Web site threatens abortion providers, court rules
February 2, 1999
PORTLAND, Oregon (CNN) -- A federal jury decided Tuesday that a controversial Web site and "wanted" posters amounted to death threats against doctors who perform abortions. More than a dozen defendants were ordered to pay damages of more than $100 million.
"I have no intention of giving money to people who kill children," defendant Catherine Ramey vowed outside the courthouse. She had sobbed as the verdict was read in court.
Kathy Bachman of Planned Parenthood, the main plaintiff in the case, said her organization did not believe it would see any of the money because defendants had previously said they would transfer their assets to make themselves "judgment-proof."
"That really is not what we're after," insisted Bachman. "We're after the safety of our patients, the safety of our staff, the ability to provide a constitutionally legal procedure to women who want it."
The unanimous verdict was reached by four men and four women after three weeks of trial and 4 1/2 days of deliberations.
The jury said the posters and Web site called "The Nuremberg Files" constituted "a true threat by one or more of the defendants to do bodily harm, assault or kill any of the plaintiffs."
The defendants plan to appeal. But if the verdict stands, it could redefine what is considered constitutionally protected speech. The Web site and posters contained no explicit threats of violence.
"The Nuremberg Files" Web site lists about 200 abortion providers under the heading of "baby butchers." And the site invites readers to send in such personal details as the doctors' home addresses, license plate numbers and the names of their children.
The similar Wild West-style posters offered a $5,000 reward for information about the "Deadly Dozen" doctors branded "Guilty of Crimes Against Humanity."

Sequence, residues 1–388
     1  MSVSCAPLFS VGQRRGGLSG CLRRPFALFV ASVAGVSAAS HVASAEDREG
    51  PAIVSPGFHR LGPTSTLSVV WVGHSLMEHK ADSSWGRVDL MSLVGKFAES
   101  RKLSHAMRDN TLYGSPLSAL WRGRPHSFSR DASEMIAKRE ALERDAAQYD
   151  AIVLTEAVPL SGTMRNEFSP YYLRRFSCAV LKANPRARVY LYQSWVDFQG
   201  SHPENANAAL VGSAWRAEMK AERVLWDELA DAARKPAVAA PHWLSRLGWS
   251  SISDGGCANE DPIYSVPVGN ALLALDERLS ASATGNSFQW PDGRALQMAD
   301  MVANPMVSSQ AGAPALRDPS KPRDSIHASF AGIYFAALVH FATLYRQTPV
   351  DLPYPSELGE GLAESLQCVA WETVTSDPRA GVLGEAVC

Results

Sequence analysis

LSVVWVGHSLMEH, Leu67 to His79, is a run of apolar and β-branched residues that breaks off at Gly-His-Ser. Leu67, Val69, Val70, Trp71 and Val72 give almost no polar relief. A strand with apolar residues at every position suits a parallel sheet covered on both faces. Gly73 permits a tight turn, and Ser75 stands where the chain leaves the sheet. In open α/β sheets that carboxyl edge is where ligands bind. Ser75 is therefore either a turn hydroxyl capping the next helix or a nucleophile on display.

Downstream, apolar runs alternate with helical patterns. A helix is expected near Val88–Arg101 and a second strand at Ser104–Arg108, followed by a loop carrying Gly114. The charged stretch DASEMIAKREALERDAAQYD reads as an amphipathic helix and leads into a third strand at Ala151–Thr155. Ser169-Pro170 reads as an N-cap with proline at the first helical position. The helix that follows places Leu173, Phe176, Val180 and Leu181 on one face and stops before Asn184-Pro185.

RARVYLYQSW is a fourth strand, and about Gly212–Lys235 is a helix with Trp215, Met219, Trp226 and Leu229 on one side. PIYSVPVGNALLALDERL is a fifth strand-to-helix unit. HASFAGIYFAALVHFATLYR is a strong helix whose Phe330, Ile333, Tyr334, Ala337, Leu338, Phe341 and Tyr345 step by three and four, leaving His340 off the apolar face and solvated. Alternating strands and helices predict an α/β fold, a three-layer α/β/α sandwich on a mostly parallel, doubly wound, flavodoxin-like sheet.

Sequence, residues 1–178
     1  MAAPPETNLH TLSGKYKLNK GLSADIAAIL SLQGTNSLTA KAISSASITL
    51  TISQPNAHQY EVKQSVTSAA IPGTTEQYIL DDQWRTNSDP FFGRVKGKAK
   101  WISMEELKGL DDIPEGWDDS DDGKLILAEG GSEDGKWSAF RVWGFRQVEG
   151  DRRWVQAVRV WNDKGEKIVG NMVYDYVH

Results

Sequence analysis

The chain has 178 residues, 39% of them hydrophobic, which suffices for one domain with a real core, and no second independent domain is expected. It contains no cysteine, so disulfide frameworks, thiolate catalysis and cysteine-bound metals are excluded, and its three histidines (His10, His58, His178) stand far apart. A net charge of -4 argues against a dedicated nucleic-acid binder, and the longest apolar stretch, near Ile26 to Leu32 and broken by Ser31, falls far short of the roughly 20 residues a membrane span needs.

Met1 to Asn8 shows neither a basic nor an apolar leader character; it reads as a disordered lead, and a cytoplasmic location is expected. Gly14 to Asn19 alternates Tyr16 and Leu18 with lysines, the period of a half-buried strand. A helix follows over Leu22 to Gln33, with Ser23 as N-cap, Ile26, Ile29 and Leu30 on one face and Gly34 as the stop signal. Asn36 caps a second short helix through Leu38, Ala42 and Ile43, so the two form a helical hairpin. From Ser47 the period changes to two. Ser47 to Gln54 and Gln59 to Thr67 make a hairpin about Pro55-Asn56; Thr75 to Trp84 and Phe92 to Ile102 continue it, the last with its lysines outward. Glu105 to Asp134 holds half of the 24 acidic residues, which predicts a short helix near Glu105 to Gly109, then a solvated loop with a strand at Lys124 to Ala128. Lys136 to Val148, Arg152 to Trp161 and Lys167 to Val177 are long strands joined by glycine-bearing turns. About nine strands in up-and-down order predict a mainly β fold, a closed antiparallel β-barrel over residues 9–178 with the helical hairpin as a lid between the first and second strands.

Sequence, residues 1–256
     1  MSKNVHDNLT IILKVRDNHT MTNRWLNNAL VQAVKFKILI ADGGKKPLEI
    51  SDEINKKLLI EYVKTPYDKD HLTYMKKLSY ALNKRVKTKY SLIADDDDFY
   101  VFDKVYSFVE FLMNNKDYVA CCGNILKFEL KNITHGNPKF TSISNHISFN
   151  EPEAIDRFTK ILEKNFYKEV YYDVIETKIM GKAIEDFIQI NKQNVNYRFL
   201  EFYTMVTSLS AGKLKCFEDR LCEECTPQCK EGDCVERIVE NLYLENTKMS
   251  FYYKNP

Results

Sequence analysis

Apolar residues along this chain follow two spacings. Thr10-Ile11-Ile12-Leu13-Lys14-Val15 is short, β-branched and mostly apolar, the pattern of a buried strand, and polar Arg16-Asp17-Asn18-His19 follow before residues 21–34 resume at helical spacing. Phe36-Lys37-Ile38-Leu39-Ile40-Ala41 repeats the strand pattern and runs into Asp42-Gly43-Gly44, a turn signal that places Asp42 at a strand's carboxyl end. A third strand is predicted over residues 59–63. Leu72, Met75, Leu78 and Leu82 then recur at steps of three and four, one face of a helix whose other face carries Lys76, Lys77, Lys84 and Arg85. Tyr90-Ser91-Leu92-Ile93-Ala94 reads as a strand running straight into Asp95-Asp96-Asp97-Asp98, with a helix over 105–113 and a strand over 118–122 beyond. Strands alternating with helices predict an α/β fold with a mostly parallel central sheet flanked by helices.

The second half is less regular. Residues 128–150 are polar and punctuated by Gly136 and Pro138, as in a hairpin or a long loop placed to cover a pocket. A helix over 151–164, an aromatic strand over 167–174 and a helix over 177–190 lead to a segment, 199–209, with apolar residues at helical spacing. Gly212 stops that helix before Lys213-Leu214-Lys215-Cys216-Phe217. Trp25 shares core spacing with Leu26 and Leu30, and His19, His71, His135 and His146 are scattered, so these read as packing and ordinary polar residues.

Three times, doctors whose names appeared on the list were killed, most recently last October when Dr. Barnett Slepian was gunned down by sniper fire in his home outside Buffalo, New York. His name on the Web site was promptly crossed through.
Throughout the trial, held under tight security, doctors on the list testified that they lived in constant fear, used disguises, bodyguards and bulletproof vests, and instructed their children to crouch in the bathroom if they heard gunfire.
The 14 defendants, 12 individuals and two anti-abortion groups -- Advocates for Life Ministries and the American Coalition of Life Activists -- maintained during the trial that free speech never killed anybody. They likened themselves to civil rights crusaders engaged in political debate.
But on the witness stand, defendant Andrew Burnett, publisher of Life Advocate Magazine, conceded that doctors may have reason to fear the Web site because of the extent of anti-abortion violence.
"If I was an abortionist," he said, "I would be afraid."
Four doctors, Planned Parenthood and a Portland clinic filed suit in 1995 under the 1994 Freedom of Access to Clinic Entrances Act, which makes it illegal to incite violence against abortion doctors and their patients.
Jury wraps first day of deliberations in abortion Web site case
Planned Parenthood Federation of America
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